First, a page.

I have a passion for helping other people. GleanKY has provided me with an opportunity to help people with a basic need -- food. I have been involved in many volunteer projects and have sat on many boards, but no group excites me like this one. Instantly, we have made a difference in the lives of three groups of people -- growers, recipients and volunteers. Rarely do we as individuals have an opportunity to have such a broad reach. I describe GleanKY as a "Win-Win-Win" situation: Growers win because they no longer see their produce going to waste; Volunteers win because they get to participate in the joy of both the giver and receiver; and Recipients win because their diet is supplemented with fresh food.

When I was first approached with the idea that became GleanKY, that is, there is food being grown and wasted that could be given to people who are hungry, it was an idea that made sense and that I thought could be executed. What I didn't expect was the tremendous personal reward.

Nevertheless, as with all great things, a tremendous amount of work is involved in keeping the organization on track and making it sustainable.  We continue to be blessed with trying to manage rapid growth.  For example, having started with a handful of very hard-working volunteers, we have hired a Gleaning Coordinator to handle the logistics of having more than 150 volunteers make over 900 gleaning trips to collect and deliver the thousands of pounds of fruits and vegetables gleaned for our 50+ distribution partners.

As with all other non-profits, my job and the job of the board is to make sure we have the funds necessary to sustain and grow our mission of gathering and redistributing excess fruits and vegetables to nourish Kentucky’s hungry.  While the challenges loom large, I am proud to lead a group that is always ready.

Erica Horn

President of the Board of Directors


Service Categories
Secondary Organization Category Food, Agriculture & Nutrition / Food, Agriculture & Nutrition NEC
Tertiary Organization Category Public & Societal Benefit / Public & Societal Benefit NEC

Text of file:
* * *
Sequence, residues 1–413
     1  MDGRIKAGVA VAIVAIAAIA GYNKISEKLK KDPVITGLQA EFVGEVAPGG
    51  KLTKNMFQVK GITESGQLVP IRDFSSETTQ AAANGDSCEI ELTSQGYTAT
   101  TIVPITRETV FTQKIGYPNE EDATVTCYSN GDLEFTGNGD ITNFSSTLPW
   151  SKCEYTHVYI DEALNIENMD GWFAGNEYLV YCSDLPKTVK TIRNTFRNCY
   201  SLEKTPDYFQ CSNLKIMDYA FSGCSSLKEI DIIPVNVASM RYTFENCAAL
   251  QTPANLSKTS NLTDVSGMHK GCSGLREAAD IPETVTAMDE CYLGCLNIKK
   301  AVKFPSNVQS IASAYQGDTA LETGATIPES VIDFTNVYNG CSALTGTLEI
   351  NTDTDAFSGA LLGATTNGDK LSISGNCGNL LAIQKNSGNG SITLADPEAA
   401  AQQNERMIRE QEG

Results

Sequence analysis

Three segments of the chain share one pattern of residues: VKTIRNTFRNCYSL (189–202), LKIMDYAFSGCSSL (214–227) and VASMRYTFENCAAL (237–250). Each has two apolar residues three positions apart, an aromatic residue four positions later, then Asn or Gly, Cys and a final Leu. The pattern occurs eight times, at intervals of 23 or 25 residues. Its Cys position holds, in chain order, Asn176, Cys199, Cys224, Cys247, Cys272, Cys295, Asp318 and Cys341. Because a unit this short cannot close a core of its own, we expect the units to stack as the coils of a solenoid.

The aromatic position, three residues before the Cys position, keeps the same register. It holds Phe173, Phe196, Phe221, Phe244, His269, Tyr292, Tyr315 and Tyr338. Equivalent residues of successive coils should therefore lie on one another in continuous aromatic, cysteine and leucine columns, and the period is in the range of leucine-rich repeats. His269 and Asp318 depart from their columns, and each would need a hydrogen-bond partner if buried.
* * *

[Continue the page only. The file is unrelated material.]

Geographic Areas Served
In a specific U.S. city, cities, state(s) and/or region.
We glean and distribute in Fayette, Franklin, Madison, and Scott Counties with service to others through God's Pantry Food Bank and Bluegrass Farm Charities.
Impact Questions
GoalsHelpWhat is the organization aiming to accomplish? This is the organization's ultimate goal for intended impact.

GleanKY intends to make a significant contribution to reducing hunger and food waste in Kentucky. Our goal for the next several years is simple: increase the number of people and programs we serve. In order to achieve this goal, we need capital and capacity to recruit more volunteers and develop relationships with more sources of food to glean. In combination, these two resources will allow GleanKY to nourish individuals with produce that would otherwise go to waste.

StrategiesHelpWhat are the organization's strategies for its stated long-term goals?

GleanKY aims to remove as many barriers from our work as possible - for recipients and volunteers alike. Our gleaning program is very efficient, with volunteers picking up produce directly from groceries or farmers and distributing it directly to feeding agencies in the area. GleanKY doesn't charge recipient sites for the food it distributes, nor do we request identification or proof of need from clients. 

CapabilitiesHelpWhat are the organization’s capabilities for doing this? What resources, capacities, and connections support its progress towards long-term goals?

GleanKY is equipped with a large number of dedicated, reliable volunteers - in 2016 we had more than 400 unique volunteers allowing us to provide produce to over sixty feeding agencies in Central Kentucky. We're now equipped with four full-time staff members - an Executive Director, a Program Director, a Development Director, and a Fayette County Coordinator - who are working to ensure GleanKY is able to work in the most efficient way possible. 

IndicatorsHelpHow will the organization know if it is making progress? What are the key qualitative and quantitative indicators against which the organization assesses its progress toward its intended impact?

Currently, GleanKY measures success by focusing on the number of pounds gleaned, gleaning trips, volunteers, volunteer hours, sources of fresh produce, and recipient agencies. We also assess our impact on the programs to which we donate fresh produce. Indicators like individuals served, nutritional value of meals served, and meals containing produce measure how our mission affects the work of our partners.